difference electron density maps are analysed to detect fragment binding. Depending on the quality of the data it might be necessary to break down the cocktail and to repeat the soaking experiment with single compounds to confirm the identity of the binder. Ideally, the hit rate should be less than one compound per cocktail in order to avoid multiple cases of partial occupancies, which would make fragment identification difficult. 3.2. HIT VALIDATION

Once hits are identified their binding needs to be confirmed in terms of affinity and mode. The most commonly used technique to quantify binding affinity is isothermal titration calorimetry (ITC; Fig. 2). ITC can provide information on the binding affinity, stoichiometry as well as the enthalpic and entropic contribution to the free energy of binding. Monitoring ΔH and ΔS by ITC may reveal changes in binding modes (Ciulli et al., 2006; Holdgate and Ward, 2005). Determining the exact binding affinity also allows calculation of ligand efficiency (binding energy divided by the number of non-hydrogen atoms), a useful metric that can be used to guide fragment selection and lead optimisation during the discovery process (Hopkins et al., 2004).

Figure 2. ITC trace for one of the fragment hits for M. tuberculosis pantothenate synthetase identified in thermal shift assays. KD for the fragment was found to be 0.8 mM, with ΔG = -4.2 kcal/mol, ΔH = -9.5 kcal/mol and ΔS = -17.8 cal/mol−1K−1.

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Ultimately, the binding mode and/or the three-dimensional structure of the fragment bound to the protein should be determined, ideally by X-ray crystallography. This will allow assessment of structure-activity relationship and is an important requirement before the compound is progressed into chemical optimisation. It should be noted however that in the absence of crystallographic information, competitive NMR experiments can be a useful tool to identify the binding site and gain some information with respect to the compounds binding mode and affinity, especially if the crystallography is seen as the bottleneck of the project in question (Chung, 2007). This concept is exemplified by the cases of PimA and shikimate kinase, as previously discussed, where obtaining a soakable crystal form is difficult and synthetic exploration has been driven by NMR data. 3.3. A CASE STUDY ON FRAGMENT SCREENING: TARGETING PANTOTHENATE SYNTHETASE

Pantothenate synthetase from M. tuberculosis was screened in a thermal denaturation assay against a fragment library of 1,300 compounds. Fragments which caused a positive shift of the protein’s thermal melting temperature greater than 0.5°C were considered as hits, giving 23 fragments (hit rate ~2%). These hits were taken forward for further validation by ITC and NMR spectroscopy experiments. Compounds that were identified as ligands were then soaked into protein crystals of M. tuberculosis pantothenate synthetase and the structure of the complexes solved by X-ray crystallography. As an illustration of this process, a fragment containing a benzodioxole core displayed a good thermal shift of 2.5°C. This compound was titrated against the protein in an ITC experiment and found to have a KD of 1.2 mM, corresponding to a reasonably good ligand efficiency of 0.29. WaterLOGSY and STD experiments showed ligand binding and displacement by ATP. Finally the crystal structure of this fragment binding at the active site of pantothenate synthetase was determined (Fig. 3). This information provides a useful starting point for developing more potent inhibitors using structureguided chemical synthesis.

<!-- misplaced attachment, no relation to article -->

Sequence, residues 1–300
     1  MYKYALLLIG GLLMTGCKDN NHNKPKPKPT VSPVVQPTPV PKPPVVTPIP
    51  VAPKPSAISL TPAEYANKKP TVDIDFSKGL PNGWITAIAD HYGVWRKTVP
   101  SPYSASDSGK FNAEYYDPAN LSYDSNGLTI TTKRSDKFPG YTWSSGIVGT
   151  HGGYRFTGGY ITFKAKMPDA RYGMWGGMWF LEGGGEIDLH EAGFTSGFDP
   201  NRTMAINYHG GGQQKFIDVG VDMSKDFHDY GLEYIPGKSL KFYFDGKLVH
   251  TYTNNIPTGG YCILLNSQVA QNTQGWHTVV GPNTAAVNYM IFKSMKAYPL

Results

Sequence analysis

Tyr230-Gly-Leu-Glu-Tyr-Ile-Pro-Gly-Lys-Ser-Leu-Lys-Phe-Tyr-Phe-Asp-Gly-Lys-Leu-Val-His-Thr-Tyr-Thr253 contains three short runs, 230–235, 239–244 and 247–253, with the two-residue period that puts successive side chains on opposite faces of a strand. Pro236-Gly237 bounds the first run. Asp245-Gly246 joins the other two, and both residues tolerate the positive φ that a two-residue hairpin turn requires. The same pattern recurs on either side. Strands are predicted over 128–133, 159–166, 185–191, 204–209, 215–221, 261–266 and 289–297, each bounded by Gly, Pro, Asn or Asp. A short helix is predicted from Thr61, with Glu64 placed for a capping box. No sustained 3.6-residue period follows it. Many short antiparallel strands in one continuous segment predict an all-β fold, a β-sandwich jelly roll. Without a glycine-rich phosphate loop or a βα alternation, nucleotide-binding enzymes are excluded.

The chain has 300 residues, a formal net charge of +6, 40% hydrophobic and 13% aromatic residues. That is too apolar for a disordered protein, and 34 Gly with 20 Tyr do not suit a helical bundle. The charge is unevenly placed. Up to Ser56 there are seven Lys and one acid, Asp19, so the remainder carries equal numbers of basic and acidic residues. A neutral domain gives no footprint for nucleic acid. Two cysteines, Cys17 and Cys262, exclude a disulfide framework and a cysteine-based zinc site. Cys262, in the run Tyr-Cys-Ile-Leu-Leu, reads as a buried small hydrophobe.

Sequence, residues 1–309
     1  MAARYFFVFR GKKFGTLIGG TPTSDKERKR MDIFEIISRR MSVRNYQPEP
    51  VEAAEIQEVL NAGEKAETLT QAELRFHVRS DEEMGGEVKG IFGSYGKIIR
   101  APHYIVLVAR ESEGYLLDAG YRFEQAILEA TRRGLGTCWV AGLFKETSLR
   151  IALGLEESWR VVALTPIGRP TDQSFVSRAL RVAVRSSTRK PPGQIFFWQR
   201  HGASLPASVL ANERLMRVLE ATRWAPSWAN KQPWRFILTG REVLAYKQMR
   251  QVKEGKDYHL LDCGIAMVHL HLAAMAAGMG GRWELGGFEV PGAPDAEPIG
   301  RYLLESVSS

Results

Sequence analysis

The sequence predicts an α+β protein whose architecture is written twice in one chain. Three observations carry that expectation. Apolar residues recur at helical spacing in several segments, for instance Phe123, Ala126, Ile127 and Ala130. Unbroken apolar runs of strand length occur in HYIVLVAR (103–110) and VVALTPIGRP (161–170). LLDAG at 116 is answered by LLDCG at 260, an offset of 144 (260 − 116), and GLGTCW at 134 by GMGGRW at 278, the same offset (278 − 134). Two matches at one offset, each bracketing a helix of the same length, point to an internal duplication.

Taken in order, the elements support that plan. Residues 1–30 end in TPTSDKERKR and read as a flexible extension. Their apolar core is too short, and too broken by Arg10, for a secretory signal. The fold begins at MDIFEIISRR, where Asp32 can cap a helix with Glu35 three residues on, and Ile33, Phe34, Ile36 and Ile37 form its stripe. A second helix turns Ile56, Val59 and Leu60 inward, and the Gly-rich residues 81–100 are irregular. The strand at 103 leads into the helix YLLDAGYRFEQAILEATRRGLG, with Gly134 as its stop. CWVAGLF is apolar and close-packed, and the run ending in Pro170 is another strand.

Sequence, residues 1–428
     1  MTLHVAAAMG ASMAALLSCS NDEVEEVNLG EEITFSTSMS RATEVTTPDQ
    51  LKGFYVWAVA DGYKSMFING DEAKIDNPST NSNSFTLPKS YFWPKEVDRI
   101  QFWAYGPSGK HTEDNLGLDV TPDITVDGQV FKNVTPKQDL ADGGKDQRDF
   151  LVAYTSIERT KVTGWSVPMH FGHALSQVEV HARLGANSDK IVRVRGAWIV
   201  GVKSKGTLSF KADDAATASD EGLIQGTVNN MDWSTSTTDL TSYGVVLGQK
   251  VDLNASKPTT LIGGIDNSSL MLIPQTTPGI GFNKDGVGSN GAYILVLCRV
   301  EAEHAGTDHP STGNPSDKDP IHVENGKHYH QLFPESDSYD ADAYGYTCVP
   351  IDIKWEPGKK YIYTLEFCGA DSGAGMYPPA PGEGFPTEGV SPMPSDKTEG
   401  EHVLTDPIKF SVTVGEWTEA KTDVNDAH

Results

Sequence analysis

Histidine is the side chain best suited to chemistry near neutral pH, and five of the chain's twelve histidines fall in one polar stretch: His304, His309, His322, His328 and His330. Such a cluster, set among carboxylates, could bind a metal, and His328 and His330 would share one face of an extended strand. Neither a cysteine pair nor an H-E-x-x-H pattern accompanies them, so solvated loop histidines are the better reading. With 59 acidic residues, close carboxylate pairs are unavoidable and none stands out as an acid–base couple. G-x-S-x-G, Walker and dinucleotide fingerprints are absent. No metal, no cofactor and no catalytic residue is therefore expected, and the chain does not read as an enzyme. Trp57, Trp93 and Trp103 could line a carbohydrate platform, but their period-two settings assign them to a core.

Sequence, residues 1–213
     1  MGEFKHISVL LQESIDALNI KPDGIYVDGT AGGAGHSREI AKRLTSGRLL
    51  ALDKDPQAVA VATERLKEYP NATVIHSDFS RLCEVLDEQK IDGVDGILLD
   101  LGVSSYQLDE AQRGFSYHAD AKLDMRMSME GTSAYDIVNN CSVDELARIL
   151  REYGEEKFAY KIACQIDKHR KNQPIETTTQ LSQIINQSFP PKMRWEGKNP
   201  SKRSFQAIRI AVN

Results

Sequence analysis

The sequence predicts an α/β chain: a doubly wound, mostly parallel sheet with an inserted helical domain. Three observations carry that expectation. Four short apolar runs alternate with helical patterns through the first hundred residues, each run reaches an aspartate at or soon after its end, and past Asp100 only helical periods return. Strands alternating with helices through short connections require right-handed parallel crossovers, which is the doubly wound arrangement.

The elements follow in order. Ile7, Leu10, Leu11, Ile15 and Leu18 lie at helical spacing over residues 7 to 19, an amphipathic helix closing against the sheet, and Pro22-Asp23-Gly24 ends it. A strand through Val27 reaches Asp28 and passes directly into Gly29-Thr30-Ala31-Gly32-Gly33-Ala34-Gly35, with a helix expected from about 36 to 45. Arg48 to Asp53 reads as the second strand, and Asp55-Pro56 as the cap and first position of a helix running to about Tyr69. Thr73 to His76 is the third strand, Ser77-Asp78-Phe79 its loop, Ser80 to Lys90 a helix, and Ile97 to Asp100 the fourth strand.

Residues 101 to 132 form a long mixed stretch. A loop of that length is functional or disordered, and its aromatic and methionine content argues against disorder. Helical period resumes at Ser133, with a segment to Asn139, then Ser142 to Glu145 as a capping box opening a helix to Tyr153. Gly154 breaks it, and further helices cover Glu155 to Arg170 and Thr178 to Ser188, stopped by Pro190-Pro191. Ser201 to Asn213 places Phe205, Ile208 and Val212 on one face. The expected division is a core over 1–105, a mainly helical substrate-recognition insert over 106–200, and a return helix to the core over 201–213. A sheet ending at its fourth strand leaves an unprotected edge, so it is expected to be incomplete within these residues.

Figure 3. X-ray crystal structure of a fragment seen bound at the active site of M. tuberculosis pantothenate syntethase. The initial unbiased omit Fo-Fc electron density map is contoured around the fragment at 3.0 σ. Key hydrogen bond interactions and distances between the fragment and residues in the enzyme active site are shown in purple. The fragment had a thermal shift of 2.5oC and its binding was validated by STD and WaterLOGSY NMR spectroscopy experiments. The KD of the fragment was found to be 1.2 mM from ITC measurements.


After hit validation, the aim is to elaborate the fragment hit to improve the binding affinity, ideally as an iterative process guided by structural information. There are two routes that could be taken, namely fragment growing and fragment linking (Fig. 4; Howard et al., 2006). The former involves chemical elaboration around a single fragment hit in order to improve binding by picking up new interactions within the target cavity. The latter approach requires two or more fragments that are found binding to different but adjacent sites within the active site of the target protein, and relies on the design of a chemical scaffold to combine these and improve the binding affinity by synergy. The linking strategy is, however, quite challenging in practise as the process is sensitive to designing a linker which does not perturb the binding mode of the original fragments (Hajduk and Greer, 2007). Both these strategies can be guided by using computational docking tools such Genetic Optimisation Ligand Docking (GOLD; Jones et al., 1995, 1997).